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INMAN v. STATE

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Supreme Court of Georgia.

INMAN v. STATE.

No. S06A0663.

Decided: September 18, 2006

August F. Siemon, III, Atlanta, for Appellant. Catherine Harris Helms, Dist. Atty., Kimberly L. Whiddon, Asst. Dist. Atty., Nashville;  Thurbert E. Baker, Atty. Gen., Robin Joy Leigh, Asst. Atty. Gen., Department of Law, Atlanta, for Appellee.

Devonia Tyrone Inman appeals his convictions for the 1998 malice murder and armed robbery of Donna Brown, the manager of a fast-food restaurant in Adel, Georgia;  the theft by taking the victim's car;  and the possession of a firearm by a convicted felon.1

 1. The State presented evidence that Ms. Brown was found with a fatal gunshot wound to the head in the parking lot of the fast-food restaurant she managed.   Restaurant receipts of approximately $1,700 were missing, as was Ms. Brown's automobile.   The vegetation in nearby shrubbery was matted down and one of the two restaurant employees who closed the restaurant at 12:30 a.m. told GBI investigators she had been frightened that night by a voice emanating from the shrubbery while she waited in the restaurant parking lot for her ride home.   She said she had recognized the voice as that of appellant and described the speaker as bald and wearing a white tank top.2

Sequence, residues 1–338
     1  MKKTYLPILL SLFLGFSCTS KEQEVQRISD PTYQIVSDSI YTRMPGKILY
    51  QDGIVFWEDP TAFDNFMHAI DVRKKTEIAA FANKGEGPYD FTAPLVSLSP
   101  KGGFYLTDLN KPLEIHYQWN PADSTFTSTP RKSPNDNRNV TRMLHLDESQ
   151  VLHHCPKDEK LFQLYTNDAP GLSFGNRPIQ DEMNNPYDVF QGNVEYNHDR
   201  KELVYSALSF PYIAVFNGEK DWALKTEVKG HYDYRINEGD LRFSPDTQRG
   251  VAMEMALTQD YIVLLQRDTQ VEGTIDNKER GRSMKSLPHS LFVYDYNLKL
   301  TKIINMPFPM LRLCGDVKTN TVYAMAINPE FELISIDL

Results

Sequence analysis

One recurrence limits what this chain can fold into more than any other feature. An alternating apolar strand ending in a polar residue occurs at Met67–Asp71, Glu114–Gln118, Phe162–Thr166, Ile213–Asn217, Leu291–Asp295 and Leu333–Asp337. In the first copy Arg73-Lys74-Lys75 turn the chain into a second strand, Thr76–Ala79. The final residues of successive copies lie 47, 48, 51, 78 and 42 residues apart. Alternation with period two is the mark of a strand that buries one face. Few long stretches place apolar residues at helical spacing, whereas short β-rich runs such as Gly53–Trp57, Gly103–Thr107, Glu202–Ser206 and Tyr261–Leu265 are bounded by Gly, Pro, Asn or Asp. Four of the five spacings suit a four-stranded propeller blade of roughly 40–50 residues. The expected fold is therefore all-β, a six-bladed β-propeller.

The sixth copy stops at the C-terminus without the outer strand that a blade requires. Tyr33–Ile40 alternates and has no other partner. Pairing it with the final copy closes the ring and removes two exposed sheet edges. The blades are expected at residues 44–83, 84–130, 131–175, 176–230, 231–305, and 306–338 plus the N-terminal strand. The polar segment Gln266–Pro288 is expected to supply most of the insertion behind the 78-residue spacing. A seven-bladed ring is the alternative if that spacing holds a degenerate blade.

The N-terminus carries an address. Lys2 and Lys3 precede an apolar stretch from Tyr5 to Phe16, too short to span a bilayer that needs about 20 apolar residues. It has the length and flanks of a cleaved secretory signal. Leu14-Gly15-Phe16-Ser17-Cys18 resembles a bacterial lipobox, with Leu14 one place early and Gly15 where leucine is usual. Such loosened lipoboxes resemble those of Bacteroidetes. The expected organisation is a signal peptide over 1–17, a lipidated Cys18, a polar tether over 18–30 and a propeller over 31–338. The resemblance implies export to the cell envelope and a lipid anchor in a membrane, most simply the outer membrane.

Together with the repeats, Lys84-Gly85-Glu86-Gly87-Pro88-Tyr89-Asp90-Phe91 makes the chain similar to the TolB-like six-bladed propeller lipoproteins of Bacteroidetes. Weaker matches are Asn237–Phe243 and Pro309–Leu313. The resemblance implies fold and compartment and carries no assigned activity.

Shortly after the victim was found, her car was discovered in the parking lot of a nearby abandoned fast-food restaurant.   The car had been damaged by being driven under the chain that was draped across the parking lot's entrance.   A newspaper carrier who had been near the abandoned restaurant awaiting the arrival of her papers testified she saw the victim's car between 1:00-1:30 a.m. being driven at a rate of speed that caused it to fishtail.   She identified appellant as the driver in a pre-trial photo lineup and at trial, and testified he was wearing a white tank-top shirt and dark pants and drove the car under the chain into the parking lot where it was found.   The witness testified that a car in which an African-American woman with short blonde hair was a passenger followed appellant and picked him up from the parking lot.